The Knicks will get one of their team's hypothetical centerpieces back in Amar'e Stoudemire, as the six-time All-Star will return to the lineup for the first time in over two months and play a smattering of minutes off the bench.
The 30-year-old big man played four-on-four full-contact Thursday, will play five-on-five Friday, and will be ready to play Saturday in a series that's tied 1-1. Woodson says he'll play about 10-15 minutes off the bench, which would be his lowest minute total of the season.
Stoudemire sat for the first two months of the year with a left knee debridement. He'd play from the turn of the new year through early March, averaging 14.2 points and 5.0 boards in 23.5 minutes per game. However, he needed the exact same procedure in the other knee and hasn't played since March 7.
Although Stoudemire is obviously an incredibly talented scoring big man, there's reason for concern with his return. In the 29 games he played this season, the Knicks were 19-13. In the rest of their games, they were 35-15, including a 17-6 stretch after his injury. Stoudemire has never fully figured out how to co-exist on court with Carmelo Anthony in the two and a half years they've spent as teammates, in part due to injuries, and in part due to contrasting playing styles.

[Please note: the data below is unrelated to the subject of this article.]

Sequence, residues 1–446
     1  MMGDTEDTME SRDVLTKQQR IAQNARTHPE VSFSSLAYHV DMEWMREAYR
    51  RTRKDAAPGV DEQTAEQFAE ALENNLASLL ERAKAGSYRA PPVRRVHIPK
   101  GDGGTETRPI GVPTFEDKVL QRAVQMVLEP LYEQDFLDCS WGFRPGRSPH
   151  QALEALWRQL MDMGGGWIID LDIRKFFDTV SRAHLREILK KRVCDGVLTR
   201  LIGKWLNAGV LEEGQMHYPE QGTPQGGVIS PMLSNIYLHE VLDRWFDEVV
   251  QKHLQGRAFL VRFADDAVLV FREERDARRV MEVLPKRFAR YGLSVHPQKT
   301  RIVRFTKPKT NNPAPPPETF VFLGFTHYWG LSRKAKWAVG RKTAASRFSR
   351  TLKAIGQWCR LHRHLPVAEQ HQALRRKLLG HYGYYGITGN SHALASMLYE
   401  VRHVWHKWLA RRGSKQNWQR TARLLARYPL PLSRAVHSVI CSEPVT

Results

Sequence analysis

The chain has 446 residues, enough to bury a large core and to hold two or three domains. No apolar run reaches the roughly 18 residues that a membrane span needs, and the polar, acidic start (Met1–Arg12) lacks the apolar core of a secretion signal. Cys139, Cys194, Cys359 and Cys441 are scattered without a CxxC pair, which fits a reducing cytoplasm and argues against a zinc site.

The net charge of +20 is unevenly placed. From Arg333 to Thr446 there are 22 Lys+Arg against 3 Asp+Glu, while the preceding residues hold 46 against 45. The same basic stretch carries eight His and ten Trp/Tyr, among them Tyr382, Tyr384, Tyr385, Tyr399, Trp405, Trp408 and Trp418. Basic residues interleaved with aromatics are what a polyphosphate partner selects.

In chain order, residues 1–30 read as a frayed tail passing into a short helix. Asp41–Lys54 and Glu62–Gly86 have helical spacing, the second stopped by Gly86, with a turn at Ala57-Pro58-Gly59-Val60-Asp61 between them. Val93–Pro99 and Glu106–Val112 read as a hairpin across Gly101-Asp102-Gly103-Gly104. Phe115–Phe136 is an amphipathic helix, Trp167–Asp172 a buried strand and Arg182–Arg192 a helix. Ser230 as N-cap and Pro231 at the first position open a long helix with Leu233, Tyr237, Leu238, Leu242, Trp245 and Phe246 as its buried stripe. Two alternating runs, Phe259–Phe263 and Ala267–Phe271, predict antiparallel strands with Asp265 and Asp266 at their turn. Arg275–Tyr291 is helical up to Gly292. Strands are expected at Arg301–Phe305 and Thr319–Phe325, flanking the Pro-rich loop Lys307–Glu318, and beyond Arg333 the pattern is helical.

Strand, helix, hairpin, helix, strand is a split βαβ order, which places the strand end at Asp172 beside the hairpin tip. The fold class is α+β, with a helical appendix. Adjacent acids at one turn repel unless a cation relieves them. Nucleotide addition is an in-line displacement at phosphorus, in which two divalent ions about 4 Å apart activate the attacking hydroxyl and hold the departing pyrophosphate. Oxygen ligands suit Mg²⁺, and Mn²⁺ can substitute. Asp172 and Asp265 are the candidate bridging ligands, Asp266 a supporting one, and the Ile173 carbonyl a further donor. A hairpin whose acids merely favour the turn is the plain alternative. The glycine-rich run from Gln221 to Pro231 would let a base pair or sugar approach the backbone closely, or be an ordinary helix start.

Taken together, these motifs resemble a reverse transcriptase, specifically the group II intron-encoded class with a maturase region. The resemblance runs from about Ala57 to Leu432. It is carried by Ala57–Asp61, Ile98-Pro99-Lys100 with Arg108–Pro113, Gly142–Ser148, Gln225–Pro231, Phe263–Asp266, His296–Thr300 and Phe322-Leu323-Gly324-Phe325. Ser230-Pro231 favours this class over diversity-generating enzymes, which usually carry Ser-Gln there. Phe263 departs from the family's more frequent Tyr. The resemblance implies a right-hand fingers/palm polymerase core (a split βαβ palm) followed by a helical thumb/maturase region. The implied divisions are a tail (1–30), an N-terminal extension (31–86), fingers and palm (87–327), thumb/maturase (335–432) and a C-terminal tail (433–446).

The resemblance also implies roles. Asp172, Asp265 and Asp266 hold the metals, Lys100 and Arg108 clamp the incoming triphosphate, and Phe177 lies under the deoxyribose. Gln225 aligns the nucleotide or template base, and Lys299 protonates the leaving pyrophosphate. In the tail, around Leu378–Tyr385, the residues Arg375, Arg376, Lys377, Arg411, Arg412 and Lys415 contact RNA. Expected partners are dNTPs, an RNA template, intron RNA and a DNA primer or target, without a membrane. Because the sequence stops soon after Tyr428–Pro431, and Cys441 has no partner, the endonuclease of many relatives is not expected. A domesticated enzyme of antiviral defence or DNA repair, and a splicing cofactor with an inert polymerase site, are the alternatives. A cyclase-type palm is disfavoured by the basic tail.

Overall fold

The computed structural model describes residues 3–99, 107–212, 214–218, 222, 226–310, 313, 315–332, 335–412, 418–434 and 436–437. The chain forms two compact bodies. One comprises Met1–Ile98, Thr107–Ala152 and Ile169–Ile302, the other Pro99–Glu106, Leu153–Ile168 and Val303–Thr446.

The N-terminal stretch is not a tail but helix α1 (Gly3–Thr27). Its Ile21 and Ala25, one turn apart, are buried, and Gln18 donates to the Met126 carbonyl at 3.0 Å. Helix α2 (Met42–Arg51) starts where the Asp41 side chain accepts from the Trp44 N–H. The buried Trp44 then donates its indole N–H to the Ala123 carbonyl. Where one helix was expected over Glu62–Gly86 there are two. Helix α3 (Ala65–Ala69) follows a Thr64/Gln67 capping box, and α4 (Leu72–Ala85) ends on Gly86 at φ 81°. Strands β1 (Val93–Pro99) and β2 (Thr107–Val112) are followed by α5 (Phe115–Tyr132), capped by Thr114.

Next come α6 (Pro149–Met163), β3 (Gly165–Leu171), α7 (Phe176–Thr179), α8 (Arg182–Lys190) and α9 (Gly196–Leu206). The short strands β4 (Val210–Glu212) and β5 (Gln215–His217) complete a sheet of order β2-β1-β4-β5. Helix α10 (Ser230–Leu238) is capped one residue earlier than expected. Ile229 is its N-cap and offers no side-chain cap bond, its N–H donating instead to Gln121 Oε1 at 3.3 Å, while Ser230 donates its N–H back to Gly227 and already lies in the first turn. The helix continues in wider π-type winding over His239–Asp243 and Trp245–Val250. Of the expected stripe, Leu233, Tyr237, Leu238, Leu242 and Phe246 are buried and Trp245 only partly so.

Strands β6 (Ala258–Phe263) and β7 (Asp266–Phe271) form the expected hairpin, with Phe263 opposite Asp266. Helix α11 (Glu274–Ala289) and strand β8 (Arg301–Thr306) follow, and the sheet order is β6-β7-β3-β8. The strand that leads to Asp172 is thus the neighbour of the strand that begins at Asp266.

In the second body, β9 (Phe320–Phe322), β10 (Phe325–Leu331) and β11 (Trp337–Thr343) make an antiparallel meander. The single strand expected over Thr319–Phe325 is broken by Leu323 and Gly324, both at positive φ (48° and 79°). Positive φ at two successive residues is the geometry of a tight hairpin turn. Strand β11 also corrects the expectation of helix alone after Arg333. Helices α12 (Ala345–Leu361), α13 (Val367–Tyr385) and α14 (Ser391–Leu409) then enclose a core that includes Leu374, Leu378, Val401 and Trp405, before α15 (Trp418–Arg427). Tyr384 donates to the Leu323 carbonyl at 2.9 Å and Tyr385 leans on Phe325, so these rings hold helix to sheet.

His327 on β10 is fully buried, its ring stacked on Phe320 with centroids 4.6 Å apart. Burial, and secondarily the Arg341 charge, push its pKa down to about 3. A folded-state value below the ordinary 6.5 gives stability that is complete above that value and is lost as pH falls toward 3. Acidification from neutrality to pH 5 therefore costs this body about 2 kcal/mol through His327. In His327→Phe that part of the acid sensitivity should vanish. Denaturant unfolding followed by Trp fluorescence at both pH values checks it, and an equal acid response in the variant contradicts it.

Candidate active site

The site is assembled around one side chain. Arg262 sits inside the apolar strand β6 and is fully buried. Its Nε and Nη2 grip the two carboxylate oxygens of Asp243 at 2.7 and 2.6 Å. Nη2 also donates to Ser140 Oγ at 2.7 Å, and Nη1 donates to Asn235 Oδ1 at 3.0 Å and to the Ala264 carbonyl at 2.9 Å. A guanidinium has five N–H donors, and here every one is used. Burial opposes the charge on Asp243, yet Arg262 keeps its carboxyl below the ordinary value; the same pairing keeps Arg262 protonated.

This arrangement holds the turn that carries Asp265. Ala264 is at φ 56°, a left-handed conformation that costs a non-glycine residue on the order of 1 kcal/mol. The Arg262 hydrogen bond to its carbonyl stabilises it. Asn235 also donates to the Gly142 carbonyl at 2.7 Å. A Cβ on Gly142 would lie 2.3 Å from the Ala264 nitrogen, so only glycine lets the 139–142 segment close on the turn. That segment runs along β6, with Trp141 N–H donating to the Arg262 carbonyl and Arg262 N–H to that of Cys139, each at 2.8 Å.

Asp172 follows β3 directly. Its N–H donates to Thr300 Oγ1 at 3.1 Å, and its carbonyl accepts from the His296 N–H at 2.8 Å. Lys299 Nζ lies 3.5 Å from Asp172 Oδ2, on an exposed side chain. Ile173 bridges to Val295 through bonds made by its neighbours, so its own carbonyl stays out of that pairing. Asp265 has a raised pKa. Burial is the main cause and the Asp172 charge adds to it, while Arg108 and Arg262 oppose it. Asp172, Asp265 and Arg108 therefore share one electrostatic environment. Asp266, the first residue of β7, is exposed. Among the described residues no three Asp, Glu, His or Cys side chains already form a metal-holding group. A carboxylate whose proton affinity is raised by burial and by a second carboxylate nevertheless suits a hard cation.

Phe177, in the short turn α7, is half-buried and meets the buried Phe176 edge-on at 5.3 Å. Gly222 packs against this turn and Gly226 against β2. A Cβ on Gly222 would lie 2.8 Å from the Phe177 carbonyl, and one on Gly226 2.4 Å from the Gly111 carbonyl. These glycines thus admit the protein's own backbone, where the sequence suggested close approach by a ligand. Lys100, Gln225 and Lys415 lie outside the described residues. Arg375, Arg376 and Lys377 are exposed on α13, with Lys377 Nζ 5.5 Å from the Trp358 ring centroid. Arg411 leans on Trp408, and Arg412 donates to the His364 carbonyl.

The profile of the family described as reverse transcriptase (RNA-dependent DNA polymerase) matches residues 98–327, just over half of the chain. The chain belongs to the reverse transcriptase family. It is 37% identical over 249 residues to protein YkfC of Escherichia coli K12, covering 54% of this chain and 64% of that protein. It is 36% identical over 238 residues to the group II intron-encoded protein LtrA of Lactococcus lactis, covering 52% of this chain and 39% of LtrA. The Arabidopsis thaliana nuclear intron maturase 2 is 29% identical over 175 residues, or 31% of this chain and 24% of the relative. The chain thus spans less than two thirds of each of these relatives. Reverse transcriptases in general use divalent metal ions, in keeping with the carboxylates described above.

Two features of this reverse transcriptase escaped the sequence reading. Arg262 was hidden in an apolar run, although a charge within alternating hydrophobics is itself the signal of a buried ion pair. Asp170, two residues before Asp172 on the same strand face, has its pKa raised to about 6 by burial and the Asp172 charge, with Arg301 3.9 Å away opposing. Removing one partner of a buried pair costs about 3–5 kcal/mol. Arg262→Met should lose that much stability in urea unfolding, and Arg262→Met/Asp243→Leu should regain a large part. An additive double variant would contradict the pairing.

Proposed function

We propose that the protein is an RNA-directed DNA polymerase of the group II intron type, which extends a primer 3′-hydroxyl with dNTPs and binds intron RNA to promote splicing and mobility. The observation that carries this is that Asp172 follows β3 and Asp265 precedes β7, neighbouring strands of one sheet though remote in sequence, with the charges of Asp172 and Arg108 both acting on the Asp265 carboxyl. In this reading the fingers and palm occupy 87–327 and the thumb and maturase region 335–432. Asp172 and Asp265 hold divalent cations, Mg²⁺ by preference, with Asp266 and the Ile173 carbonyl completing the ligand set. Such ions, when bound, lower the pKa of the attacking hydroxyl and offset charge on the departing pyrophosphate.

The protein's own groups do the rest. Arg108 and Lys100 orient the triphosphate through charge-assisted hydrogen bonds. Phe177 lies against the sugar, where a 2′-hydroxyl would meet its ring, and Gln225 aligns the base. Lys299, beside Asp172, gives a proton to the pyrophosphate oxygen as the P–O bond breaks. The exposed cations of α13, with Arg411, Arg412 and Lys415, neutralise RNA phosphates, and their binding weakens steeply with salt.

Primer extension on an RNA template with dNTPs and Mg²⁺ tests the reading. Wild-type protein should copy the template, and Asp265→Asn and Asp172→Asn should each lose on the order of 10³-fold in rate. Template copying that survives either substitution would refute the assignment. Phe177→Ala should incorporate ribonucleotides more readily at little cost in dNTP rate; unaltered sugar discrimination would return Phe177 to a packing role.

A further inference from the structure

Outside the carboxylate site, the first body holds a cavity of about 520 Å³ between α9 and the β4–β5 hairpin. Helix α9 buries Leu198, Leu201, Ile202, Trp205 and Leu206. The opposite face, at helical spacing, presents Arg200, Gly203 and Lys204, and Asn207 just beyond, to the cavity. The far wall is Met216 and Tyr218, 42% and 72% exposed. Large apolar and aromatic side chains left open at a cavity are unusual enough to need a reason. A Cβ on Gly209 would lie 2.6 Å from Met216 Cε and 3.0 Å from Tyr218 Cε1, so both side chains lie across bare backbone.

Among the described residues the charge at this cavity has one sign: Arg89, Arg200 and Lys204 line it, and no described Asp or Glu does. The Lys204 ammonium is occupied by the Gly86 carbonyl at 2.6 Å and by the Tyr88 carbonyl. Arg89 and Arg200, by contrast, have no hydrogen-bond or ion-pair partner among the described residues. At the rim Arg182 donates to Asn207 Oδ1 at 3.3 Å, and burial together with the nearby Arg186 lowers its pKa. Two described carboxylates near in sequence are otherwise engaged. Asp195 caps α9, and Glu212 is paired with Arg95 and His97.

And his play could bottle up the flow of the offense. The Knicks have been most successful with Anthony at power forward, alongside two point guards, a wingman and one big, either Tyson Chandler or Kenyon Martin. Stoudemire is most naturally suited for the power forward position.
In Stoudemire's minutes, the team could either pair him with Anthony at the four and no true center, something that would allow Roy Hibbert to score somewhat easily on Stoudemire. The Knicks could also play two bigs, which would be a better defensive matchup, but might be clogged on offense. That seems most likely:
For now, they'll likely experiment. As noted, Stoudemire will only play 15 minutes, so they'll have an opportunity to see what works before deploying it on a larger scale.